People and organizations involved: Brookings Institution, Federal Emergency Management Agency, Department of Homeland Security
          

After March 1, 2003: FEMA Reportedly Experiences Massive ‘Brain Drain’ and Focus Shift

       After FEMA is incorporated into the Department of Homeland Security (see March 1, 2003), veteran FEMA employees complain of a massive “brain drain.” FEMA “has gone downhill within the department, drained of resources and leadership,” I.M. “Mac” Destler, a professor at the University of Maryland School of Public Policy, will tell the Washington Post shortly after the 2005 Hurricane Katrina disaster. At least one veteran FEMA staff member, Pleasant Mann, complains on the record about the changes FEMA is undergoing (see Mid-September 2004). [Washington Post, 9/9/2005] Local officials complain that FEMA's new focus on terrorism threatens other necessary prevention programs. “With the creation of Homeland Security, [natural disaster prevention programs] have taken a backseat,” says Walter Maestri, emergency management director in Jefferson Parish. “To us, it is pretty obvious which is the greater threat. One is maybe, the other is when.” [Philadelphia Inquirer, 10/8/2004]
People and organizations involved: Department of Homeland Security, Michael D. Brown, Federal Emergency Management Agency
          

April 29, 2004: GAO Report: National Guard Response Ability Harmed by Diversion of Troops to Iraq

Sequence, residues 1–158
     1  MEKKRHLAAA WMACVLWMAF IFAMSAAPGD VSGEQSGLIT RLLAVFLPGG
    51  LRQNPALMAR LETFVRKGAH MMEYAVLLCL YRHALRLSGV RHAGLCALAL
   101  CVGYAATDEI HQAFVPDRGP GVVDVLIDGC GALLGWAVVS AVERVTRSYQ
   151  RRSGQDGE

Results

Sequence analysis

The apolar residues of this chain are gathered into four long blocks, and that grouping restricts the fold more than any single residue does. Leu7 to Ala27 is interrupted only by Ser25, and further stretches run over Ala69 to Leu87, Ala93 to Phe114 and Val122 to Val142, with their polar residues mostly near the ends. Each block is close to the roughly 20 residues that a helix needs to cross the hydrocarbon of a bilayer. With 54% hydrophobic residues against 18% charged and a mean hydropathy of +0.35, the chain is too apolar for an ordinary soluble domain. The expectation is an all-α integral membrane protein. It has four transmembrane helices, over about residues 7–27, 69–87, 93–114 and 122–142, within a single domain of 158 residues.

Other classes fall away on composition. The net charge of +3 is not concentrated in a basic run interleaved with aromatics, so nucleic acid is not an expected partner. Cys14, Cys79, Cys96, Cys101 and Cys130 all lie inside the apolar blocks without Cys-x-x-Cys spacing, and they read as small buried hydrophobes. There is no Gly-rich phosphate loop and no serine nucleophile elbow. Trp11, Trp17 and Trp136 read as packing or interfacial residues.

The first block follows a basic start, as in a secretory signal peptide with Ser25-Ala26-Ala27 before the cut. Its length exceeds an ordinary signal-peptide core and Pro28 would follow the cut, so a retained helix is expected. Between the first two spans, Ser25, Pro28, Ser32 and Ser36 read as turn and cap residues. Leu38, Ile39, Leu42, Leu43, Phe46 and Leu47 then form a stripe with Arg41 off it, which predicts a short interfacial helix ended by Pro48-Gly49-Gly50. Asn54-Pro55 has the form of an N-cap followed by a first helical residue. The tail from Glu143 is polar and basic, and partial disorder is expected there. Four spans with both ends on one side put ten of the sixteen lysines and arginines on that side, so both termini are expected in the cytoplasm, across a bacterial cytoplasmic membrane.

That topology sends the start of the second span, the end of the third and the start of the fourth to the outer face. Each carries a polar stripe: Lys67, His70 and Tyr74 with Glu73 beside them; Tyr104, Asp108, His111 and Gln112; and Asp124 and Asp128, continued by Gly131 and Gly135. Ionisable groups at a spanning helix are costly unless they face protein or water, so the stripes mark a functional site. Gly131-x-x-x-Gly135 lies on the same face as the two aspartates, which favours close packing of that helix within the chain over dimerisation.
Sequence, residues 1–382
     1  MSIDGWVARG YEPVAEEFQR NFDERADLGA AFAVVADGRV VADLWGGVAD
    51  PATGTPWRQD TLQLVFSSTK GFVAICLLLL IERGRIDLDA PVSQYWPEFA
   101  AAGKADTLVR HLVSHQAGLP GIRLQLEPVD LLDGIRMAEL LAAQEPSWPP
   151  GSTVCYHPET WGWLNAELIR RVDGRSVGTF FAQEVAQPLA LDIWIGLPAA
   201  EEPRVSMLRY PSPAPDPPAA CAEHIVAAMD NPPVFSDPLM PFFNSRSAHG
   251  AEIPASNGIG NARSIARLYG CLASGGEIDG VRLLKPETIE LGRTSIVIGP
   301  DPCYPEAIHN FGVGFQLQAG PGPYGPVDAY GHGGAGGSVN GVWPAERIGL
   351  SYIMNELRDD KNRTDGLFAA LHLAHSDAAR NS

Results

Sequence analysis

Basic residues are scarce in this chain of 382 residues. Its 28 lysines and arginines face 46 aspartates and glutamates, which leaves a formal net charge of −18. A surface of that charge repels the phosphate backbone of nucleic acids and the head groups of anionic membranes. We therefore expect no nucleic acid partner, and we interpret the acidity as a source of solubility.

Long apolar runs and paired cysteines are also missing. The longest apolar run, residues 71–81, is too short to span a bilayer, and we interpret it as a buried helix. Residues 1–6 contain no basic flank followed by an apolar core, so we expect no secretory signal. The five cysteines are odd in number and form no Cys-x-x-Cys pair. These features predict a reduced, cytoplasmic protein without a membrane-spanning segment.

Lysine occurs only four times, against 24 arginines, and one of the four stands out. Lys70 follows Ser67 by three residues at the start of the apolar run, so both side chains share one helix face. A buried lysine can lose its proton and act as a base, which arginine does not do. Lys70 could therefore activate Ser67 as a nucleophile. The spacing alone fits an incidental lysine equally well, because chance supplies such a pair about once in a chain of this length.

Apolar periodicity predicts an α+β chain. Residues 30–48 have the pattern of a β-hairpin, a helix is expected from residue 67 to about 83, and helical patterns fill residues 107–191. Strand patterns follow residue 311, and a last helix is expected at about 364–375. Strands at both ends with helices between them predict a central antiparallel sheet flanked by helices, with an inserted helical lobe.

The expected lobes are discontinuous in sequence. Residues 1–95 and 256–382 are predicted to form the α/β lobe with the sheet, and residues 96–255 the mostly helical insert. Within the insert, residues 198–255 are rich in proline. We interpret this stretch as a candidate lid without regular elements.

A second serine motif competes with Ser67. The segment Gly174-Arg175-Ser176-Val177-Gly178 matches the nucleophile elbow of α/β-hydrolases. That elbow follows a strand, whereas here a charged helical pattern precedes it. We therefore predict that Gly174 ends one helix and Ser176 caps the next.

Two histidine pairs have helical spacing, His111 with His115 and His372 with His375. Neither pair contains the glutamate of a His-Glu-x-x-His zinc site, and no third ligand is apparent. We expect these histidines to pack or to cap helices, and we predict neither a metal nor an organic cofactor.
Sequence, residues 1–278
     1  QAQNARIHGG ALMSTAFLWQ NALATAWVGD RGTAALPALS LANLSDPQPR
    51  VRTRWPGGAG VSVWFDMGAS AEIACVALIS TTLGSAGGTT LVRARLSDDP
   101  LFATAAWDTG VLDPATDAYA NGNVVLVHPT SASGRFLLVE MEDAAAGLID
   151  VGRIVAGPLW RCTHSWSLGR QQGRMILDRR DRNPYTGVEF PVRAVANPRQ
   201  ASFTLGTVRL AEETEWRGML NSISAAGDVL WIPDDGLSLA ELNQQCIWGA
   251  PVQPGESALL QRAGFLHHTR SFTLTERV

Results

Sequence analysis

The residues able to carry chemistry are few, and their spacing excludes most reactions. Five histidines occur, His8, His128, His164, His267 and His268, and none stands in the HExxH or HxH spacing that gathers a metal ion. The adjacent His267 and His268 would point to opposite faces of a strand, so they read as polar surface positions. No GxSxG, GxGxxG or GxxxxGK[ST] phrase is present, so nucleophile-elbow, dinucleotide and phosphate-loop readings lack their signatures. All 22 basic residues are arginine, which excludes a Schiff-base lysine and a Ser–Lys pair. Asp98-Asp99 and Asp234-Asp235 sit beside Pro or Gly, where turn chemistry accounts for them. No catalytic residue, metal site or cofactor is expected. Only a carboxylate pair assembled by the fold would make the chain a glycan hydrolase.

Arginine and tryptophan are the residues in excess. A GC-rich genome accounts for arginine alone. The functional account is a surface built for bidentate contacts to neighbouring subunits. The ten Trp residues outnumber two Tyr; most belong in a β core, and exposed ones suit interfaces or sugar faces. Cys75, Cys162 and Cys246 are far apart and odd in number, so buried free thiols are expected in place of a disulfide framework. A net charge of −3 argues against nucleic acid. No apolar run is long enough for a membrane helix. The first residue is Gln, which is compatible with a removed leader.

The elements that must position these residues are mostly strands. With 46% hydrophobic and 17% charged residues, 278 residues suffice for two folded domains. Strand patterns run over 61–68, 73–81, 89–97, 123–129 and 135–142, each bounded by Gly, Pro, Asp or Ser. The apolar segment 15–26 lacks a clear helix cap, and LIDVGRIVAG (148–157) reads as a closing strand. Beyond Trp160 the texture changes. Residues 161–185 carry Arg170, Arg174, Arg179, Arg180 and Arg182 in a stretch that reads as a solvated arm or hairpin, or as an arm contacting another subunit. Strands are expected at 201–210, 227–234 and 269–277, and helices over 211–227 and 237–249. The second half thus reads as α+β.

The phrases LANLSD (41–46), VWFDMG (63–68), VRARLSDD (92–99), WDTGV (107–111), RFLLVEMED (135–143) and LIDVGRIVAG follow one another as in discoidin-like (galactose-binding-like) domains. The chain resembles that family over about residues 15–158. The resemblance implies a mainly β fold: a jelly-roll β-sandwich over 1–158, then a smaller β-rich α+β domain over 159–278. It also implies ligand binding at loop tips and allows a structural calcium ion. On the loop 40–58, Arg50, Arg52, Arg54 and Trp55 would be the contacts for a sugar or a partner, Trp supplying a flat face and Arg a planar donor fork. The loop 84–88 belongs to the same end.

The General Accounting Office releases a report, titled “Reserve Forces: Observations on Recent National Guard Use in Overseas and Homeland Missions and Future Challenges,” which warns that the nationwide diversion of National Guard troops to Iraq could have a significant negative impact on the Guard's ability to respond to domestic emergencies. “[There are] urgent personnel and equipment shortages in units that have not yet been deployed,” the report says. “[E]quipment and personnel may not be available to the states when they are needed because they have been deployed overseas. Moreover, the Guard may have difficulty ensuring that each state has access to units with key specialized capabilities—such as engineering or medical assets—needed for homeland security and other domestic missions. ... [U]nless DOD, Congress, and the states work closely to address these challenges, Guard units may continue to experience a high pace of operations and declining readiness that could affect their ability to meet future requirements both at home and overseas.” [GAO, 4/29/2004]
People and organizations involved: US Department of Defense, National Guard, Federal Emergency Management Agency, US Congress
          

May 13, 2004: Experts: Diversion of National Guard Troops to Iraq Has Harmed Disaster Response Capabilities

       The Associated Press reports that disaster management experts and National Guard officials are concerned that the diversion of National Guard Troops to Iraq has severely degraded the Guard's ability to effectively respond to domestic emergencies, such as natural disasters. The newswire reports that “[m]ore Guard members are deployed now than have been since the Korean War, about a quarter of the 460,000 nationwide.” Chris Reynolds, a battalion fire chief in Tampa, Fla. and instructor of disaster management at American Military University, says the Guard's more frequent and longer overseas deployments “absolutely” affect states' ability to respond to emergencies. The significance of the massive deployment goes beyond the sheer number troops that are missing, he explains, what's so worrisome is that many of the reservists who have been sent to Iraq work in public safety and emergency response. “It's the tenure and experience that's missing, and you can't simply fill the hole with someone,” Reynolds says. [Associated Press, 5/13/2004]